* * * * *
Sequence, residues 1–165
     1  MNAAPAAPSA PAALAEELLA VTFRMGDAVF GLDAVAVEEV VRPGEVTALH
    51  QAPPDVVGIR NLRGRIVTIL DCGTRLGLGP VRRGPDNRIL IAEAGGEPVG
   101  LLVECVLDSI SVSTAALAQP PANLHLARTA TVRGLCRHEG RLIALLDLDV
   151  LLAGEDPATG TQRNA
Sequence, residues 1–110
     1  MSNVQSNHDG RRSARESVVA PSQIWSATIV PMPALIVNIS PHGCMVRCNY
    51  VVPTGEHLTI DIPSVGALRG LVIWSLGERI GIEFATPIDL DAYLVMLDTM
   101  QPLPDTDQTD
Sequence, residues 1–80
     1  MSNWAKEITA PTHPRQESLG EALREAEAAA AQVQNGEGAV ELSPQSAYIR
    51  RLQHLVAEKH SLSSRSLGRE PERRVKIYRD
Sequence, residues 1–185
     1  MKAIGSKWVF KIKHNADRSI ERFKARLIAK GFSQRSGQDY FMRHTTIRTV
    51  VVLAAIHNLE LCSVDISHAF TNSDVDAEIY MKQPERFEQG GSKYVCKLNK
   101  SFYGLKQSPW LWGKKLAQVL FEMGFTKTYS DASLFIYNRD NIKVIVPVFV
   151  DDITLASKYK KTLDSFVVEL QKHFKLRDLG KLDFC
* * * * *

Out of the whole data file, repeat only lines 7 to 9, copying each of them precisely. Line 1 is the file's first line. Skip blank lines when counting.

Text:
     1  MSNVQSNHDG RRSARESVVA PSQIWSATIV PMPALIVNIS PHGCMVRCNY
    51  VVPTGEHLTI DIPSVGALRG LVIWSLGERI GIEFATPIDL DAYLVMLDTM
   101  QPLPDTDQTD